Mines environmental science and engineering professor awarded NSF CAREER Award
GOLDEN, Colo., Feb. 9, 2011 – Jonathan O. (Josh) Sharp, assistant professor of Environmental Science and Engineering at Colorado School of Mines, has received a National Science Foundation Faculty Early Career Development (CAREER) award for his research “Cleaner Water Through Microbial Stress: An Integrated Research and Education Plan.”
Sharp’s research focuses on how biological processes can impact water quality and how to use microbes to clean contaminated sediments and water supplies (bioremediation).
“The goal of the research is to determine how microbial stress can impact the natural degradation of trace organic compounds in water supplies — this understanding can then be applied toward treatment in managed natural systems such as wetlands and aquifer recharge to provide a cost effective, energy- and waste-neutral tool for remediation when compared to existing advanced treatment technologies,” said Sharp.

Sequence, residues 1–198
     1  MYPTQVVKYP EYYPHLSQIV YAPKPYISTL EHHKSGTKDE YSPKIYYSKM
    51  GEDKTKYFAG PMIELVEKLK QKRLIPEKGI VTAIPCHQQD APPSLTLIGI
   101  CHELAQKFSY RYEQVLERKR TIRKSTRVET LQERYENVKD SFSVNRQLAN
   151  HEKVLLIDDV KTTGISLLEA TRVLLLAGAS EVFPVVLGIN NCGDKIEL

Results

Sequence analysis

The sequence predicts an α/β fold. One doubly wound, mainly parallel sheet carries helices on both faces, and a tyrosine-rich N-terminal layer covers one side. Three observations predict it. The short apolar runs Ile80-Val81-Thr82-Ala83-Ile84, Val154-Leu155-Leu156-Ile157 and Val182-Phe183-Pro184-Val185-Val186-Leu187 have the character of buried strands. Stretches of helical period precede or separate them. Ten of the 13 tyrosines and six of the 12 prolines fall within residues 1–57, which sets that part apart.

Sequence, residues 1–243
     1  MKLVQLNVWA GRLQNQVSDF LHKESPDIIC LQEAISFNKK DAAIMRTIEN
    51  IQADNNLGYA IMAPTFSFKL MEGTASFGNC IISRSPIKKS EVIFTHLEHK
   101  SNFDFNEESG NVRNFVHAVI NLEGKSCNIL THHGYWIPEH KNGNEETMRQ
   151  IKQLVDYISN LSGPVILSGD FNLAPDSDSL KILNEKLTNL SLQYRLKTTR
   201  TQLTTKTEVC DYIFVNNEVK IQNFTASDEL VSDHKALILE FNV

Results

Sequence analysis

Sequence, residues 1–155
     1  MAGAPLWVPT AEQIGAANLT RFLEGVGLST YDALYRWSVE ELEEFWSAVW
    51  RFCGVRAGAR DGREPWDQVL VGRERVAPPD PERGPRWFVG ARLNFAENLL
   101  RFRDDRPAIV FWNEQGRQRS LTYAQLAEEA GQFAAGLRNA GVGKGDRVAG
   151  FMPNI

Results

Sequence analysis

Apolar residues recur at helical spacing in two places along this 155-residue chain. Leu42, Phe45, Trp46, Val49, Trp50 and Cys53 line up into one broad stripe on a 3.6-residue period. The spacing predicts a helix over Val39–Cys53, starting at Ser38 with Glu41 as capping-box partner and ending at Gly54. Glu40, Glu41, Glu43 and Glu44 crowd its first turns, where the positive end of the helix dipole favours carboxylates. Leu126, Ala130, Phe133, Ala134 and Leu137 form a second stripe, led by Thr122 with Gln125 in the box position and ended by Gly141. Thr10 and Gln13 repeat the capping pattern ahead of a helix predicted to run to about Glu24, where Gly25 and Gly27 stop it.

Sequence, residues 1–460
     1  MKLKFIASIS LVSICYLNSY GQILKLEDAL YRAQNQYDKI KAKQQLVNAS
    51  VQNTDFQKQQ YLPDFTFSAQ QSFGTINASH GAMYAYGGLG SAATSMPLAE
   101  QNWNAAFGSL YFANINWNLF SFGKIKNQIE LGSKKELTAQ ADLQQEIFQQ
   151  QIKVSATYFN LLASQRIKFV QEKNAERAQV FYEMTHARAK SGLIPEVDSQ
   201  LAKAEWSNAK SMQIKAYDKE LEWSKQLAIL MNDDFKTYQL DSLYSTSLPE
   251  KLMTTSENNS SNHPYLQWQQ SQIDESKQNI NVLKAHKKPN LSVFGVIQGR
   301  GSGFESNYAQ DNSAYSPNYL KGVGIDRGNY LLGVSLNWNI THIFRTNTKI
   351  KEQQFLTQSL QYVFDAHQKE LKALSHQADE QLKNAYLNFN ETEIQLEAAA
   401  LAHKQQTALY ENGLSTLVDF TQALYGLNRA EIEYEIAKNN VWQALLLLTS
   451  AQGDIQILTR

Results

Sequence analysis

Sharp’s research efforts will be coupled with an educational plan designed to increase the engagement of undergraduates and K-12 students using regionally meaningful, hands-on education that relates to environmental water quality.
The NSF CAREER award is the most prestigious award in support of junior faculty who exemplify the role of teacher-scholars through outstanding research, excellent education and the integration of education and research within the context of the mission of their organizations.
Sharp earned his doctorate in civil and environmental engineering in 2006 from the University of California at Berkeley. He subsequently pursued postdoctoral studies in environmental microbiology at the Ecole Polytechnique Federal de Lausanne in Switzerland. He holds a bachelor’s from Princeton University and a master’s from U.C. Berkeley. He joined Mines’ Environmental Science and Engineering Division in 2009.